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Irish Car Bomb Cupcakes

August 21, 2009

Smitten Kitchen has long been the queen of all things culinary on the wonderful, magical interweb (All Hail Smitten Kitchen!!) – and if there were any questions of her sublime culinary prowess, they were laid ultimately to rest (for me) with the unveiling of her Chocolate Whiskey & Beer Cupcakes.

To the best of my knowledge, this has never before existed in the world. Which kinda has to make you a little sad for the people that lived their lives without ever having the option of an Irish Car Bomb cupcake.

For the less bar-savey of you out there, an Irish Car Bomb is a drink you order when you are crazy intoxicated, and/or dedicatedly celebrating St. Patrick’s Day. In a shot glass, you mix Baileys Irish Cream and Jameson’s Irish whiskey and then drop the whole shot glass into a three-quarters full pint of Guinness then chug this whole foaming mess down quickly. Before it curdles. And makes you puke. A lot.

I’d never made a Smitten Kitchen recipe, in part out of awe and in part out of shear laziness (baking is a hellova lot harder then cooking, ya’ll). But my brother in law was hitting the big 30 (+ 1), and if there’s anything the wonderfully sweet brother in law loves, its whiskey.

So, Friday night, the wonderfully sweet husband and I kicked around the kitten making cupcakes, staying perfectly true to the recipe with one itty bitty deviation. We don’t own Jamison Irish Whiskey. So we used Markers Mark. Thus what follows is her recipe – its amazing. Its everything that you’d want in your chocolate beer, whiskey ganache filled, Bailey’s buttercream topped cupcakes. And so so so much more.

Chocolate Whiskey and Beer Cupcakes [AND HAPPY BIRTHDAY BEN!]
[my thoughts are sprinkled in a bit, always in bold]

While the Guinness in the cake gets mostly baked out, the Baileys is fresh and potent, so if you’re making this for people who don’t drink, you’ll probably want to swap it with milk (or not make those cretins cupcakes in the first place). Or, do what I did and add more then the recommended amount of Baileys (to taste, of course).

Makes 20 to 24 cupcakes – or when I did it, 12 cupcakes and one 8 inch mini cake.

For the Guinness Chocolate Cupcakes
1 cup stout (such as Guinness)
1 cup (2 sticks) unsalted butter
3/4 cup unsweetened cocoa powder (preferably Dutch-process)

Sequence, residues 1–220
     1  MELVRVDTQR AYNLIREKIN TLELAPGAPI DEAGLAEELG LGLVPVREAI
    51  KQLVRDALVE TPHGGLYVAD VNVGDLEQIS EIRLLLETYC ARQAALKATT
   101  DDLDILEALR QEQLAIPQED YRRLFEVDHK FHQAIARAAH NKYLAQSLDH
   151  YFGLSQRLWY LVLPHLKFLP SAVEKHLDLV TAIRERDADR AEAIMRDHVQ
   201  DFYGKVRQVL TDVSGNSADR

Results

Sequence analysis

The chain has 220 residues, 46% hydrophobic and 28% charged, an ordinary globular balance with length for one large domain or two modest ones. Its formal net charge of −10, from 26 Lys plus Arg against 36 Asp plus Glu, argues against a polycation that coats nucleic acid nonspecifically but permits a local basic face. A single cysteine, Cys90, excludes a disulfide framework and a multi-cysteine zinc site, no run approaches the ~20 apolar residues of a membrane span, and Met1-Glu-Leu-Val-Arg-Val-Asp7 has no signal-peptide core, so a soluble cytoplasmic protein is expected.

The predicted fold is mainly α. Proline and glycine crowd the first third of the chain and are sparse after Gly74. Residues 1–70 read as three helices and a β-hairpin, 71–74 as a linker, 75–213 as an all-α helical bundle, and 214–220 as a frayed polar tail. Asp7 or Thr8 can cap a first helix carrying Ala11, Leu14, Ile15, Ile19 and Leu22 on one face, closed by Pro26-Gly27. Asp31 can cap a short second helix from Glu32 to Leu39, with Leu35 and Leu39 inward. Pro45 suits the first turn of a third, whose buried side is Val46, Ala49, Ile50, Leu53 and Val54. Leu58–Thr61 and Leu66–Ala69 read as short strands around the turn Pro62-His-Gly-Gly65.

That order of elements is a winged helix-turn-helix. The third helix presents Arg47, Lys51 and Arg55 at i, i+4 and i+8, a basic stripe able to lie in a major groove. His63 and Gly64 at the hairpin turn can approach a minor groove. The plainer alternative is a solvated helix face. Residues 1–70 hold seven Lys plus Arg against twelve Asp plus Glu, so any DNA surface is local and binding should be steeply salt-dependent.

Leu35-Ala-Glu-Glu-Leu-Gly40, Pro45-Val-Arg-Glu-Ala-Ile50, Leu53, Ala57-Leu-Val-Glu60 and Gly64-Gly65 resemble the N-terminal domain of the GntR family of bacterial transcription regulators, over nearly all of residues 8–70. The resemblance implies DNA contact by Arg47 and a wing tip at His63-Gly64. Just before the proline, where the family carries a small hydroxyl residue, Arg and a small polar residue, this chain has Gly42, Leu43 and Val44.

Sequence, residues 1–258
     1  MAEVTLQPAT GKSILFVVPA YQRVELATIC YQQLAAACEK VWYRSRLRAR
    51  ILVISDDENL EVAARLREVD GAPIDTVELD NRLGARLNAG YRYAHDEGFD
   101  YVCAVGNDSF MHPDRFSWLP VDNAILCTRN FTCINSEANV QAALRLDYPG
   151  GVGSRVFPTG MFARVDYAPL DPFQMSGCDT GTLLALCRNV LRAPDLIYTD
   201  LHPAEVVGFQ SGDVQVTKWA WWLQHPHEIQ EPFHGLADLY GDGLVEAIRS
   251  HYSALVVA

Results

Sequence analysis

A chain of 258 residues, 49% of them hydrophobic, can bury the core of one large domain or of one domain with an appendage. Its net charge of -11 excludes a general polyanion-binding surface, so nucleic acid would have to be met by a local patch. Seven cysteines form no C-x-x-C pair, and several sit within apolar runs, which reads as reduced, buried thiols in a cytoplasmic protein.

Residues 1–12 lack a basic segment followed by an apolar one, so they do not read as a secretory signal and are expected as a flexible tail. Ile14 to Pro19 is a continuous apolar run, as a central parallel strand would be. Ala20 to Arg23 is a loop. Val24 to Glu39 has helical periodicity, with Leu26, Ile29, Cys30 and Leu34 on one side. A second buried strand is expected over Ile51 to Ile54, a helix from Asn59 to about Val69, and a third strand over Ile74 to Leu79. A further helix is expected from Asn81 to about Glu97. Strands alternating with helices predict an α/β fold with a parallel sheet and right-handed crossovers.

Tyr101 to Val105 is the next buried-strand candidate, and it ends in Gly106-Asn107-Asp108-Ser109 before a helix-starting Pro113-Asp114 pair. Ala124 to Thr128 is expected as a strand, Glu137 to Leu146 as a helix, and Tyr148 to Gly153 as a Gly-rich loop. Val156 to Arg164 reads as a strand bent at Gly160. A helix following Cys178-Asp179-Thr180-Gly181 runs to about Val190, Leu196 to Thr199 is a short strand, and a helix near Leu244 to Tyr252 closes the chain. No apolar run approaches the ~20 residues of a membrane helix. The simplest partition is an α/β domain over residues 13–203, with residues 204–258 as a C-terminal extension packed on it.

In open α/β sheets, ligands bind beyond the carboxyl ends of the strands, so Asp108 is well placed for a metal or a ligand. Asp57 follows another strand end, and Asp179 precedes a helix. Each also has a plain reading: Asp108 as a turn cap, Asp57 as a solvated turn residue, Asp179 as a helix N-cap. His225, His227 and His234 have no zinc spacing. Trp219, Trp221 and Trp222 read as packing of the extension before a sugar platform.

2 cups all purpose flour
2 cups sugar
1 1/2 teaspoons baking soda
3/4 teaspoon salt
2 large eggs
2/3 cup sour cream
Ganache Filling (Updated to double it, based on many commenters suggestions — thanks!)
8 ounces bittersweet chocolate
2/3 cup heavy cream
2 tablespoons butter, room temperature
1 to 2 teaspoons Irish whiskey (optional)
Baileys Frosting (see Recipe Notes)
3 to 4 cups confections sugar
1 stick (1/2 cup or 4 ounces) unsalted butter, at room temperatue
3 to 4 tablespoons Baileys (or milk, or heavy cream, or a combination thereof)
Special equipment: 1-inch round cookie cutter or small spoon and a piping bag (though a plastic bag with the corner snipped off will also work) or small spoon.
Make the cupcakes: Preheat oven to 350°F. Line 24 cupcake cups with liners. Bring 1 cup stout and 1 cup butter to simmer in heavy large saucepan over medium heat. Add cocoa powder and whisk until mixture is smooth. Cool slightly.

Whisk flour, sugar, baking soda, and 3/4 teaspoon salt in large separate bowl to blend. Using electric mixer, beat eggs and sour cream in another large bowl to blend. Add stout-chocolate mixture to egg mixture and beat just to combine. Add flour mixture and beat briefly on slow speed. Using rubber spatula, fold batter until completely combined. Divide batter among cupcake liners, filling them 2/3 to 3/4 of the way. Bake cake until tester inserted into center comes out clean, rotating them once front to back if your oven bakes unevenly, about 17 minutes. Cool cupcakes on a rack completely.
Make the filling: Chop the chocolate and transfer it to a heatproof bowl. Heat the cream until simmering and pour it over the chocolate. Let it sit for one minute and then stir until smooth. (If this has not sufficiently melted the chocolate, you can return it to a double-boiler to gently melt what remains. 20 seconds in the microwave, watching carefully, will also work.) Add the butter and whiskey (if you’re using it) and stir until combined.
Fill the cupcakes: Let the ganache cool until thick but still soft enough to be piped (the fridge will speed this along but you must stir it every 10 minutes). Meanwhile, using your 1-inch round cookie cutter or spoon (these don’t have to be incredibly perfect, no one will see’em), cut the centers out of the cooled cupcakes. You want to go most of the way down the cupcake but not cut through the bottom — aim for 2/3 of the way. A slim spoon will help you get the center out. Those are your “tasters”. Put the ganache into a piping bag with a wide tip and fill the holes in each cupcake to the top (or fill with a small spoon, if you’re tired and baked out at this point).

Make the frosting: Whip the butter in the bowl of an electric mixer, or with a hand mixer, for several minutes. You want to get it very light and fluffy. Slowly add the powdered sugar, a few tablespoons at a time.
When the frosting looks thick enough to spread, drizzle in the Baileys (or milk) and whip it until combined. If this has made the frosting too thin (it shouldn’t, but just in case) beat in another spoonful or two of powdered sugar.
Ice and decorate the cupcakes.

Do ahead: You can bake the cupcakes a week or two in advance and store them, well wrapped, in the freezer. You can also fill them before you freeze them. They also keep filled — or filled and frosted — in the fridge for a day. (Longer, they will start to get stale.)

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